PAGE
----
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US plays down Iran threat -

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US plays down Iran threat

Broadcast: 09/02/2007

Reporter: Tom Iggulden

The United States has denied it is planning to invade Iran and has played down recent threats from


VIRGINIA TRIOLI: Iran's Grand Ayatollah has hit out at the United States, claiming his country has
the power to retaliate against American interests the world over, but Washington insists it's not
planning to invade Iran and has played down the threat from Tehran. Tom Iggulden reports.

TOM IGGULDEN: Americans are no strangers to these sorts of images from Iran, public test-firing and
a hairy chested propaganda campaign. In this case it's land to sea missiles. Iran says they could
take out US naval vessels in the gulf, America says the weapons don't have the range, but the
propaganda campaign has stepped up a gear, this time it's being pushed by Iran's most powerful
leader, the Grand Ayatollah Ali Khamenei.

GRAND AYATOLLAH ALI KHAMENEI (TRANSLATION): The US knows well that any aggression will lead to a
reaction from all sides in the Iranian nation on the aggressors and their interests around the
world, and we believe that no-one will make that unwise and wrong move to endanger their country
and interests but some say that the US President is not the type who acts based on calculations or
thinks about the consequences of his actions.

ROBERT GATES, US DEFENCE SECRETARY: We have no intention of attacking Iran. The President said
that, the Secretary of State said it, I have said it before. Obviously, when it comes to things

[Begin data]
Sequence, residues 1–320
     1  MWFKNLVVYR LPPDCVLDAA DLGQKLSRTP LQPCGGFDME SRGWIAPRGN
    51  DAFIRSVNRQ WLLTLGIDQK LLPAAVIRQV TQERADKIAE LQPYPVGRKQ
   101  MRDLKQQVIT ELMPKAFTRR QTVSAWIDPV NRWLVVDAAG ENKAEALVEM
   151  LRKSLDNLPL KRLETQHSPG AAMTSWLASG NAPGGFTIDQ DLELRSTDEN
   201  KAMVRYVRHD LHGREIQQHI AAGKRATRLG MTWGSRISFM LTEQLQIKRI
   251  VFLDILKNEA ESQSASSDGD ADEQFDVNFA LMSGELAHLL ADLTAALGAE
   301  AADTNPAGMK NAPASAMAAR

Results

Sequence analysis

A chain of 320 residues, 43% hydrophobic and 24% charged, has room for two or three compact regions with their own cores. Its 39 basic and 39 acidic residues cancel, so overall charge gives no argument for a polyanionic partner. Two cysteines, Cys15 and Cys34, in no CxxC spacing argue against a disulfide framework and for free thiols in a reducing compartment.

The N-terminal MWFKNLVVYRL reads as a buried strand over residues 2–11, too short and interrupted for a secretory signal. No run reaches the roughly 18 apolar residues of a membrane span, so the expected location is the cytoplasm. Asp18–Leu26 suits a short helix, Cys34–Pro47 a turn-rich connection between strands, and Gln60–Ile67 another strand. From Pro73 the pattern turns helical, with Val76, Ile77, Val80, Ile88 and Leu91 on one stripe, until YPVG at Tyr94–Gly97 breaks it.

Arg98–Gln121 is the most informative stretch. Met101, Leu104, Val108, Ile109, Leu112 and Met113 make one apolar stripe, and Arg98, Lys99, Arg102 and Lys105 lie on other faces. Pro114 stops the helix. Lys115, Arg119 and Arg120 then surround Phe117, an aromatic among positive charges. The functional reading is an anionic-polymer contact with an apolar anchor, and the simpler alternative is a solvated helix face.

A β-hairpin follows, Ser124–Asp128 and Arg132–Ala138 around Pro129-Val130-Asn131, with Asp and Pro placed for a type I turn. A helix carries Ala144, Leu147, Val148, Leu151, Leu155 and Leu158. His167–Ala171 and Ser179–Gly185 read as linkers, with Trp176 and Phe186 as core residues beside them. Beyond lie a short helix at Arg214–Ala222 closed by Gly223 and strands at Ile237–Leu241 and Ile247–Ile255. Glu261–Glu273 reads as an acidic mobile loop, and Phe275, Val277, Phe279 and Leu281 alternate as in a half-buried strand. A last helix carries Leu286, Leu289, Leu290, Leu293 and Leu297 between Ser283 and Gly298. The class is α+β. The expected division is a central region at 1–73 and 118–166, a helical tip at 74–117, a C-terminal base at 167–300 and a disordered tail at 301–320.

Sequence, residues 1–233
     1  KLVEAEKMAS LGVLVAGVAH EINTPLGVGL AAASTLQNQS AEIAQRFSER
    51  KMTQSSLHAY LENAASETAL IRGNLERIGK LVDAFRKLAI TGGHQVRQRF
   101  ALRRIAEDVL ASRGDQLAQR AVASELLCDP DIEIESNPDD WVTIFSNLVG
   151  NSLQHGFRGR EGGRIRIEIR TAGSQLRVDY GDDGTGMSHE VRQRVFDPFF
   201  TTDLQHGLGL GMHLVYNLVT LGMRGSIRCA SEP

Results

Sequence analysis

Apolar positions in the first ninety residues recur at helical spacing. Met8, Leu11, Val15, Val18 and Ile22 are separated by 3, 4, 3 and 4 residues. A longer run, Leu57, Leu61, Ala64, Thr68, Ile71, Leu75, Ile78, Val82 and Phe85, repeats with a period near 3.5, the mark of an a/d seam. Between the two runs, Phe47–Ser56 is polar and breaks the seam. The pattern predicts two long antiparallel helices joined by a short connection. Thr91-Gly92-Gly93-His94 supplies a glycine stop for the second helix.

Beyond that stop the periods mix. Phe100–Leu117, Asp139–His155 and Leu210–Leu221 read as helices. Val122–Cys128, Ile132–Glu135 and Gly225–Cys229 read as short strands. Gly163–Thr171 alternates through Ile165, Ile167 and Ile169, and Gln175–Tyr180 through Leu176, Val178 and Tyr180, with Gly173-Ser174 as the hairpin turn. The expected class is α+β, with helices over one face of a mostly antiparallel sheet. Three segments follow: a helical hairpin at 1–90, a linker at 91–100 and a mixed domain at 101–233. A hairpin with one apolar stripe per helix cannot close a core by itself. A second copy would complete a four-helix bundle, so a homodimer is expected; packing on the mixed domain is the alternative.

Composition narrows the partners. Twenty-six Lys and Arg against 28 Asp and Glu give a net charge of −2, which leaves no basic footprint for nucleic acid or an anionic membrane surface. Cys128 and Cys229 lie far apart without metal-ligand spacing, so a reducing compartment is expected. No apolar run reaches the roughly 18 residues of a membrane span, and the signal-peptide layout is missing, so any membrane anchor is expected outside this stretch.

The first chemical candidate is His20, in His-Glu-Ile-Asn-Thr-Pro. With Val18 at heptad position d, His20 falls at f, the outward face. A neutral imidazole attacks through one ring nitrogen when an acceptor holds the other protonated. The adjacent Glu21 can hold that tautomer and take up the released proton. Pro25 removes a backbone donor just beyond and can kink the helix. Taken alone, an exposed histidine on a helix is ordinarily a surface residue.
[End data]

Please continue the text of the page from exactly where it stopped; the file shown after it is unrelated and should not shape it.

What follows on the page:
like these tests, we watch them closely and, other than that, I think it's just another day in the
Persian Gulf.

TOM IGGULDEN: Russia is about the only country still engaged in diplomatic talks with Tehran. There
was another meeting today between the Ayatollah's envoy and the Russian Foreign Minister.

SERGEI LAVROV, RUSSIAN FOREIGN MINISTER (TRANSLATION): We have sent appropriate signals with our
ideas to Tehran and we hope that during today's talks we can consider the reaction of your
leadership on these signals.

TOM IGGULDEN: Since changing its Iraq policy late last year, the White House has persistently
accused Iran of stirring sectarian violence inside its neighbours' borders, heightening Tehran's
fears of military action against it, but a military campaign against Iran would be hard to launch
in the immediate future. There are already growing concerns in the US about the cost of the Iraq
campaign. On top of the rising body count, the economic cost has, according to one report, exceeded
$450 billion, enough to supply free fuel to every American driver for a year.

KEN POLLACK, BROOKINGS INSTITUTION: One of the great tragedies of Iraq is the administration has
mismanaged the war so badly that it has wound up costing the taxpayer far more than it might have.

TOM IGGULDEN: Talk of a potential trillion-dollar war would be hard to fathom in eastern Syria,
home to increasing numbers of Iraqi refugees. Today they got a visit from the UN.

ANTONIO GUTERRES, UN HIGH COMMISSION FOR REFUGEES: The problem is so huge that the cooperation of
everybody is absolutely essential.

TOM IGGULDEN: With the Middle East beset by so many other crises, the UN's call is likely to fall
on deaf ears.